04 May Guest Blog: Dan Godsall

In November 2014 I made a momentous decision: to quit my job as Managing Director at Barclays, and take some time out as a stay-at-home dad to my then six month old son, Jesse.

As an older dad (forty six this year) it had been on my mind that I wanted more time with my son. Living in Southampton, where my wife, Kate, is an academic at Southampton University, meant a four hour daily commute into work. The early mornings have never bothered me, but arriving home at 8:00pm after a long day at the office, meant I wasn’t getting the time with Jesse that I wanted. Nor was I able to fully support my wife in raising our son, which I knew would have implications for her energy levels, and therefore her career. Although I was main bread winner, Kate’s career is as important to her as mine was to me, and it didn’t seem fair that she would have to shoulder the burden as Jesse’s principal care giver.

And so, taking the opportunity of one of the regular restructures at work, in December 2014 I packed my bags and said farewell to Canary Wharf without any plans for the future. The timing was perfect for us as a family as Kate was returning to work in January, and as her maternity leave finished I was able to step in and take over at home.

It was an amazing and challenging experience. I knew that looking after a baby was demanding, but had no real sense of how hard it was. For the first two months I felt as though I was just about surviving, but gradually I developed my own routine and things got a little easier. I felt like I knew what I was doing, and Jesse and I bonded in a way that I never anticipated. Today that bond means that my wife and I are equal partners in raising our boy.

There are so few stay-at-home dads and being lonely isn’t a good option so I became friendly with the mums from our NCT group. They were an amazing and generous group of women. Without that network of support I don’t think the experience would have been so great.

Around four months into my time off my female friends all started going back to work, and I noticed a remarkable similarity in how they were thinking and feeling about their return: feelings of guilt about leaving their child in the care of others; loss of confidence in their ability to perform at work; and anxiety about necessary flexible working requests, and how they might cope with their dual roles as mothers and committed workers.

When I asked them what support their employer was providing to help them deal with these personal and professional challenges, the responses were stark: in every case these women were expected to resume their professional lives without any real consideration by their employer for the effect that a prolonged absence from work and parenthood was having on their employees.

This seemed illogical to me, especially as I had personally benefited from an amazing outplacement programme upon my departure from work. How could it be that employers could be so generous with their support of leavers, but do so little for essential and committed returners?

These observations, and the subsequent research I’ve done with men and women from all walks of life, have led me down a new path in life. In September of 2015, I decided to start a business dedicated to helping employers do a better job of supporting new parents through their transitions out of and back into the workplace. The commercial benefits were obvious to me: more people returning and staying, and a happier, more engaged, and productive work force.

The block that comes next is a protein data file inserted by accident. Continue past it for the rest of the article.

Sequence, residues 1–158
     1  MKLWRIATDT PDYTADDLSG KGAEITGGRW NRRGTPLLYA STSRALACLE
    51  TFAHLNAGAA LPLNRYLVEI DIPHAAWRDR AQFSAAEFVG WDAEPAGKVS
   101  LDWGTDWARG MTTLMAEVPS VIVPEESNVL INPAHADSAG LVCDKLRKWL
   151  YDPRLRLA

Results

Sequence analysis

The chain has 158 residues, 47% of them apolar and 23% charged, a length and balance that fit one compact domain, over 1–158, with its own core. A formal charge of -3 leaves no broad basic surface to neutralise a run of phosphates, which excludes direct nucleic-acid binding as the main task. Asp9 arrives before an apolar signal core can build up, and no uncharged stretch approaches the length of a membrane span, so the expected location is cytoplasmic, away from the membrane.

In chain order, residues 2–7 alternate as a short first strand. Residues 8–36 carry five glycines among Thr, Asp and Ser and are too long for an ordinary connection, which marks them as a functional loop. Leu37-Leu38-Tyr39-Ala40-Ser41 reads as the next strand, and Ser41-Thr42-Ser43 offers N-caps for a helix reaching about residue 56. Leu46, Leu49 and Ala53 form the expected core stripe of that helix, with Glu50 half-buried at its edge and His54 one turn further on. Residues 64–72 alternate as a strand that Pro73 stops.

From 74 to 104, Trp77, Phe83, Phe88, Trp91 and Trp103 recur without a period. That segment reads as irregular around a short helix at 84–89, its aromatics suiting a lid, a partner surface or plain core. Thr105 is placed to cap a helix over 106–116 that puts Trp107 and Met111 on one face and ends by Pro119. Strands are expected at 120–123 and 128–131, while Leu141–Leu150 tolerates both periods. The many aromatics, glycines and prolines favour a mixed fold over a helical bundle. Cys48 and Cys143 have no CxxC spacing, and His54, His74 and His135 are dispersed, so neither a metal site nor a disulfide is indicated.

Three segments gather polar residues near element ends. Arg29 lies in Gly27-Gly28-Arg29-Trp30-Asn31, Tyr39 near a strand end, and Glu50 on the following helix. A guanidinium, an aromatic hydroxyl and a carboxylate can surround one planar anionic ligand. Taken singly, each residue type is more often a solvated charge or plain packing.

Today I work with businesses from a range of different sectors, offering training and coaching support for new parents through their transitions that helps build resilience, restore confidence, and gives them practical strategies and tools for achieving some kind of balance in their new lives. And we work with managers too, raising their awareness of the important role they play in helping employees leave and return successfully, and equipping them with new skills for handling sensitive conversations.

At the moment the main benefactors of our work are mothers. Despite changes in statute and legislation, women still shoulder the burden of child care in the UK and most developed countries around the world. Although we are seeing a small increase in the number of men taking extended paternity leave and adopting flexible work patterns, this change in identity for fathers is happening slowly, and most business cultures have a long way to go to make it feel safe for men to participate in the raising of their children in the way that many now crave.

As long as this remains the case it’s hard to see how we’re ever going to achieve a fair and equal society for women. Without men being encouraged to step up and take a lead role in the raising of their children, it is likely that the barriers to women’s advancing their careers will continue to exist.

It is for this reason, amongst others, that I am personally so passionate about the Male Champions for Change initiative that we’re launching at the Women’s Leadership Network Conference. Without the participation of more male senior leaders from the academic and business world, the pace of change in achieving gender equality is too slow. If we are truly committed to the ideals of fairness and equality for all, the roles of both women and men need to be re-examined and re-imagined, and men need to be as much a part of that discussion as women do.

When Jesse reaches the age where he and his partner start to think about becoming parents, I hope we live in a world where both of them, whatever their gender or sexuality, feel as equal and as relevant in their roles as parents as my wife and I do. And through the Male Champions for Change initiative, I hope that we’ve played a part in laying the ground work for that to be a reality.